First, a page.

New-look market to open on Dot Ave. in coming months

The new 38-unit building at East Cottage Street and Dorchester Avenue has most of its residential units occupied now but work on the two retail spaces on the ground floor has been tied up by slow permitting approvals. The restored Dorchester Market, which occupied the site previously in a one-story retail building, is about 90 days out from a re-opening.

Dorchester Market is expected to re-open within the next three months in a new space at the corner of East Cottage Street and Dorchester Avenue, according to the property owner, Adam Sarbaugh, who briefed members of the Columbia-Savin Hill Civic Association (CSHCA) Planning Committee last week.

The store will occupy part of the ground floor of a new five-story building that includes 38 residential units on the floors above.

“We have the walk-in freezers, the coolers, and all the equipment for the new Dorchester Market being kept and ready in our other space,” said Sarbaugh. “They are plumbing and hooking up refrigerators, and we’re waiting on our sprinkler certificate inspection from the Fire Department. We should be about 90 days out from when the market can be opened back up, hopefully.”

The market did business from a one-story retail building on the site for decades and was operated by Peter McGee, who will run the new market as well.

Long known for its high-quality butcher shop, the upgraded store will also sell beer and wine with a license secured last year with community support. McGee and Sarbaugh have said they envision a more modern market along the lines of those in the Back Bay and the Beacon Hill neighborhood.

The Dorchester Market storefront trumpets ‘Hooray, We Are Opening Soon.’ Seth Daniel photos

Sarbaugh says the building’s residential units are now occupied, with the first residents having moved in beginning last September. There is no tenant in place yet for a second ground-level retail space, he said, adding that he’s being selective about the space and focusing on getting the market open first, and then putting full effort behind filling the other space.

“It’s finding the right person and business that both enhances the neighborhood, and complements the Banshee Pub right there,” he said, “something unique and something that has a local neighborhood feel. I’m searching for that and want to make the right choice here rather than have it be an Excel spreadsheet decision.”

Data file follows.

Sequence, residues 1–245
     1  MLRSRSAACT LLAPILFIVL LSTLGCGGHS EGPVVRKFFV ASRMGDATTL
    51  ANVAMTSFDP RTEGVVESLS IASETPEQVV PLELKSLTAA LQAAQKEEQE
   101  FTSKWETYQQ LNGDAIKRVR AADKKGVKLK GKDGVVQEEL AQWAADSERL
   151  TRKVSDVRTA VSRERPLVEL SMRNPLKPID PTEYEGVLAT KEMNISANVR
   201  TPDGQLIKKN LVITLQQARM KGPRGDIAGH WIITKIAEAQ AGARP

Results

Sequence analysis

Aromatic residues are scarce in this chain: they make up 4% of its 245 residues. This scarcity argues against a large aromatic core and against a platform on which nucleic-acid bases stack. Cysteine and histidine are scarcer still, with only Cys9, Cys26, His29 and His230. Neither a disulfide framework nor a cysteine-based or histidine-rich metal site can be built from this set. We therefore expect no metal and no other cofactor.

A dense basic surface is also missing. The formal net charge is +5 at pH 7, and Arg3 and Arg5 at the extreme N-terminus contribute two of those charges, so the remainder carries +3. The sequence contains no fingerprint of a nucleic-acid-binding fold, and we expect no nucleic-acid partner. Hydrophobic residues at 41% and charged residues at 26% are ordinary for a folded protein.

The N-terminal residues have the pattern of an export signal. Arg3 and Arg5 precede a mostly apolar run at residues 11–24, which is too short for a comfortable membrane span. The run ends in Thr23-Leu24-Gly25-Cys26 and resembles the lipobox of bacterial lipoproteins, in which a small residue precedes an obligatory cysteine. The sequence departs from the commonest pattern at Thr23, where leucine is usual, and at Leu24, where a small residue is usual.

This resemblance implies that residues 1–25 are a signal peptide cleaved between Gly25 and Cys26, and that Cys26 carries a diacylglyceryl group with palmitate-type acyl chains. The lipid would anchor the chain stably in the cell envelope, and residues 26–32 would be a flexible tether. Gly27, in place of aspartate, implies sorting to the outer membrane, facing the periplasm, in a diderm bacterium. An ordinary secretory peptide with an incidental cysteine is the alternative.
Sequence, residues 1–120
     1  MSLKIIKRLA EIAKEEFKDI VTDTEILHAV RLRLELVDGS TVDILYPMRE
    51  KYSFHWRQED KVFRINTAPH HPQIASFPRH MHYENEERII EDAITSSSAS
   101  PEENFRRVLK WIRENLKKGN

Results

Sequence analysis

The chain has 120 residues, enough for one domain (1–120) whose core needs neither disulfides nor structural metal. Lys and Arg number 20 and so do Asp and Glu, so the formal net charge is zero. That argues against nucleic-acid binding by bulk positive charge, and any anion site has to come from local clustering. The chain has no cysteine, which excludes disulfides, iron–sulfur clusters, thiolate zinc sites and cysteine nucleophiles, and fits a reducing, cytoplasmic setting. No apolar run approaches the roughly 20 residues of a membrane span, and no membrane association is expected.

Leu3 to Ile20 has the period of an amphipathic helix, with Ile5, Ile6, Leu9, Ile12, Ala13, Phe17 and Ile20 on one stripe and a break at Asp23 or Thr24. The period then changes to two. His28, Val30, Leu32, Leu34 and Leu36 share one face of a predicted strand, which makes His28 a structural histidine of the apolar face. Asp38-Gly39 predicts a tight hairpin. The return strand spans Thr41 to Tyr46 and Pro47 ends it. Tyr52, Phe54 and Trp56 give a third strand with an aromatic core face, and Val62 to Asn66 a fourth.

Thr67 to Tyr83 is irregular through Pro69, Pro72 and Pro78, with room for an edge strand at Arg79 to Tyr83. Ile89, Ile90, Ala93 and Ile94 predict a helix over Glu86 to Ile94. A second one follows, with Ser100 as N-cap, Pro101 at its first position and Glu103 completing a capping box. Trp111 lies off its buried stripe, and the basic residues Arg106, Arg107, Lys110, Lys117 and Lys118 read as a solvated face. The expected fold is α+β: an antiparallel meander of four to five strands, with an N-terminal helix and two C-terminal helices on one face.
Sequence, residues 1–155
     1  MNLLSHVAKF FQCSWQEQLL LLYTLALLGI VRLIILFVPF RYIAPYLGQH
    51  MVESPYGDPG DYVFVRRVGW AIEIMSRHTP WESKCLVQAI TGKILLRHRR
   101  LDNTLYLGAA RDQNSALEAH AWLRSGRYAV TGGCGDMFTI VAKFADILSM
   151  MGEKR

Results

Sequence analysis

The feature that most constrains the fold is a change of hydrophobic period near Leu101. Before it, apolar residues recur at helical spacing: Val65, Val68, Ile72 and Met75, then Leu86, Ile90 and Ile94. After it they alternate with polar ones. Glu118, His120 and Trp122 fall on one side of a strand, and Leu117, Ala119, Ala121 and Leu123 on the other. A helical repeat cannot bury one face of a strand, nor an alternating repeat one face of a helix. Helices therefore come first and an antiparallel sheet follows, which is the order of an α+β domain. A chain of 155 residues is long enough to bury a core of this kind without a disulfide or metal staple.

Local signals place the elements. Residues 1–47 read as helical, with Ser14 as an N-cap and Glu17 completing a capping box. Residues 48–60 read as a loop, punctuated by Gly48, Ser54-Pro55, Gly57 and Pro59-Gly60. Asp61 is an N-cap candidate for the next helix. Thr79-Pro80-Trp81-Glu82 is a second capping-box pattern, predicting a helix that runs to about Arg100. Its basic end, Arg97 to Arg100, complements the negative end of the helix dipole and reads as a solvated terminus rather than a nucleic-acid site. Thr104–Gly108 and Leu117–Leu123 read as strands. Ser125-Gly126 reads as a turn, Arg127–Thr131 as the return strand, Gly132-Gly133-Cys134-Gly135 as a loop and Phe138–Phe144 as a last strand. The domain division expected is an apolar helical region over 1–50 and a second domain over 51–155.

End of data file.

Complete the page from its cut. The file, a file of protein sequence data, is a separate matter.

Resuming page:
Sarbaugh also emphasized that some of the delays have not been of their making, reminding everyone that the project was conceived as early as 2018, and construction was halted for a while during the pandemic – starting back up in 2022. In that time, he said, there was a lot of transition within the city.

“Through some ISD transitions and people leaving the city, our commercial space permit was not fully issued until Jan. 18,” he noted. “We did as much on the retail spaces as we could up to that point.”

• A proposal to replace a one-story commercial property at 1195-1199 Dorchester Ave. with a three-story building housing retail and office space was discussed briefly at the planning committee’s meeting. An abutters’ meeting on the topic was set for Feb. 21. The current building, owned by Kendall Van Tran of Canton, is now occupied by a nail supply business. It is located next to the new Dot Block development.

• A plan by James Christopher to demolish a two-family duplex-style home at 33 Crescent Ave. and replace it with a new three-story, nine-unit building with six parking spaces was also discussed. The plan includes seven one-bedroom units, and two two-bedroom units, all ranging from 547 to 955 square feet.

Planning committee chairperson Kristine Hoag noted that some who attended an abutters meeting held earlier this month raised concerns about the size of the project given that it is on a 4,900-square-foot two-family duplex lot.

“There were a fair number of suggestions that they try to go smaller because this is a two-family built in 1924,” said Hoag.

Don Walsh said the Crescent Avenue plan and a similar proposal on Pearl Street, are changing the character of the area. “Going from two to nine units is outrageous,” he said. “It’s literally turning into South Boston…We need to stop it before it becomes rampant. There’s already too many of these going on.”

Added Hoag: “I’m hopeful this project, when it come before us, will be a different project.”

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